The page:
In a few years my industry and probity were fully recompensed; my wealth was really great, and my reputation for wealth still greater. I had large warehouses crowded with goods, and considerable sums in the public funds; I was ca- . ressed upon the Exchange by the most eminent merchants; became the oracle of the common council; was solicited to engage in all commercial undertakings; was flattered with the hopes of becoming in a short time one of the directors of a wealthy company, and, to complete my mercantile honours, enjoyed the expensive happiness of fining for Sheriff.

Riches, you know, easily produce riches. When I had arrived to this degree of wealth, I had no longer any obstruction or opposition to fear; new acquisitions were hourly

brought within my reach, and I continued for some years longer to heap thousands upon thousands.

At last I resolved to complete the circle of a citizen's prosperity by the purchase of an estate in the country, an to close my life in retirement. From the hour that this design entered my imagination, I found the fatigues of my employment every day more oppressive, and persuaded myself that I was no longer equal to perpetual attention, and that my health would soon be destroyed by the torment and distraction of extensive business. I could image to myself no happiness but in vacant jollity and uninterrupted leisure; nor entertain my friends with any other topic than the vexation and uncertainty of trade, and the happiness of rural privacy.

But notwithstanding these declarations, I could not at once reconcile myself to the thoughts of ceasing to get money; and though I was every day inquiring for a purchase, I found some reason for rejecting all that were offered me; and, indeed, had accumulated so many beauties and conveniences in my idea of the spot where I was finally to be happy, that perhaps the world might have been travelled over without discovery of a place which would not have been defective in some particular.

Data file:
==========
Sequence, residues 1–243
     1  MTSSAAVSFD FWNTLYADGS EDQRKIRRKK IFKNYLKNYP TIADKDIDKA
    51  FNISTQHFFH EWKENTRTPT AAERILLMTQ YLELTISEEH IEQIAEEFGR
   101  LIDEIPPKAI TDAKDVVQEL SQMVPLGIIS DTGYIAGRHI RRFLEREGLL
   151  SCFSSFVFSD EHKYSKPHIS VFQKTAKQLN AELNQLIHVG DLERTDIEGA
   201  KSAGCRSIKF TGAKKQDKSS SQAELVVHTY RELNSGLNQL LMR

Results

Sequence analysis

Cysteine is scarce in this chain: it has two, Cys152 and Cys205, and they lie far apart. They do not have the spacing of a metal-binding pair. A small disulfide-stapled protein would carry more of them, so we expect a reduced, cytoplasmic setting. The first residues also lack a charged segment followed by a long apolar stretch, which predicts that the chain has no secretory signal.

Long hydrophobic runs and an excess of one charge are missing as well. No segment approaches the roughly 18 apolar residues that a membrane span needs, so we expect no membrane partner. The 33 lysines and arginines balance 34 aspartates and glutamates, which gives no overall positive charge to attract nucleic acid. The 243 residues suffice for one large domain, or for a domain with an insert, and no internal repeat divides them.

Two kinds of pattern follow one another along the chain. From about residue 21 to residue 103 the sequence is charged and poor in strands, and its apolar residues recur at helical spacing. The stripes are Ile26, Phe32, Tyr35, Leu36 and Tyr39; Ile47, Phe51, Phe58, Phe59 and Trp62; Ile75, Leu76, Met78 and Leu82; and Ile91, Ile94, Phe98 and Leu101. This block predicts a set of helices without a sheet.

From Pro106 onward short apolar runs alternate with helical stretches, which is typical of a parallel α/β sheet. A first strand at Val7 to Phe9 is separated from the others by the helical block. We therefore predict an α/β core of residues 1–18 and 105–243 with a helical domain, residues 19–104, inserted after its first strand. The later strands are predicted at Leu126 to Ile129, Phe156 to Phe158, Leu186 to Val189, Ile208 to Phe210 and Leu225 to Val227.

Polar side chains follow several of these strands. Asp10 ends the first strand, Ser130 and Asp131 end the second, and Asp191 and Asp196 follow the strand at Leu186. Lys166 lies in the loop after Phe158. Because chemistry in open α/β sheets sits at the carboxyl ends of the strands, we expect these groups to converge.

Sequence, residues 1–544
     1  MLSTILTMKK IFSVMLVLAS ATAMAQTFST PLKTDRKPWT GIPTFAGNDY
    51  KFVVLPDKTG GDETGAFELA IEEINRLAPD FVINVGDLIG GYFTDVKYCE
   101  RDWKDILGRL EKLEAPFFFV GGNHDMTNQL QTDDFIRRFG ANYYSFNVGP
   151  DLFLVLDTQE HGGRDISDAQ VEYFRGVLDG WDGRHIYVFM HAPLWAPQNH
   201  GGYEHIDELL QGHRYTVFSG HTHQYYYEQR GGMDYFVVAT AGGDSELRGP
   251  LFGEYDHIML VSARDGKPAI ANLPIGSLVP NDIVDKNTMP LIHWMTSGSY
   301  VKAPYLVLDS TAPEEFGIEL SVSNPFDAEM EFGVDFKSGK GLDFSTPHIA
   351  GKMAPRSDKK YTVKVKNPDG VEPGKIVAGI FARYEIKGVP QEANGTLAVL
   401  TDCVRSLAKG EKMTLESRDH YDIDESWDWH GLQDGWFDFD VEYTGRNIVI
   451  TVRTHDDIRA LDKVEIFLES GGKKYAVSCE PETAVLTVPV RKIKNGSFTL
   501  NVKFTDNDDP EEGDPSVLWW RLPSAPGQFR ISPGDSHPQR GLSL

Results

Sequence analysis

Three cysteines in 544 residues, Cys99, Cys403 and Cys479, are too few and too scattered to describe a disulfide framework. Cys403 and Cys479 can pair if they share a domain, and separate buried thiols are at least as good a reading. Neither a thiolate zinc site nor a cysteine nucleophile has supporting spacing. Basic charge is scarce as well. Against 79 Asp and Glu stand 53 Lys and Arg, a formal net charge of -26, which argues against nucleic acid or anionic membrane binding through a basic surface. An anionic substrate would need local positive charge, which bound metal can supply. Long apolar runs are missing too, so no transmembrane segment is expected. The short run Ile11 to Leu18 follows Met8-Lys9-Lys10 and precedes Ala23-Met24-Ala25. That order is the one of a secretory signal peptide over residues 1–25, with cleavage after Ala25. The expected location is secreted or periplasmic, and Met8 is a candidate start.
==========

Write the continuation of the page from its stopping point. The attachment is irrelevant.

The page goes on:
Thus I went on still talking of retirement, and still refusing to retire. My friends began to laugh at my delays, and I grew ashamed to trifle longer with my own inclinations. An estate was at length purchased, I transferred my stock to a prudent young man who had married my daughter, went down into the country, and commenced lord of a spacious


Here for some time I found happiness equal to my expectation. I reformed the old house according to the advice of the best architects; I threw down the walls of the garden

and enclosed it with palisades, planted long avenues of trees, filled a greenhouse with exotic plants, dug a new canal, and threw the earth into the old moat.

The fame of these expensive improvements brought in all the country to see the show. I entertained my visitors with great liberality, led them round my gardens, showed them my apartments, laid before them plans for new decorations, and was gratified by the wonder of some and the envy of others.

I was envied; but how little can one man judge of the condition of another! The time was now coming in which affluence and splendour could no longer make me pleased with myself. I had built till the imagination of the architect was exhausted; I had added one convenience to another, till I knew not what more to wish or to design; I had laid out my gardens, planted my park, and completed my waterworks and what remained now to be done? What, but to look up to turrets, of which when they were once raised I had no further use; to range over apartments where time was tarnishing the furniture; to stand by the cascade of which I scarcely now perceived the sound; and to watch the growth of woods that must give their shade to a distant generation.

In this gloomy inactivity is every day begun and ended. The happiness that I have been so long procuring is now at an end, because it has been procured. I wander from room to room till I am weary of myself. I ride out to a neighbouring hill in the centre of my estate, from whence all my lands lie in prospect round me; I see nothing that I have not seen before, and return home disappointed, though I knew that I had nothing to expect.

In my happy days of business I had been accustomed to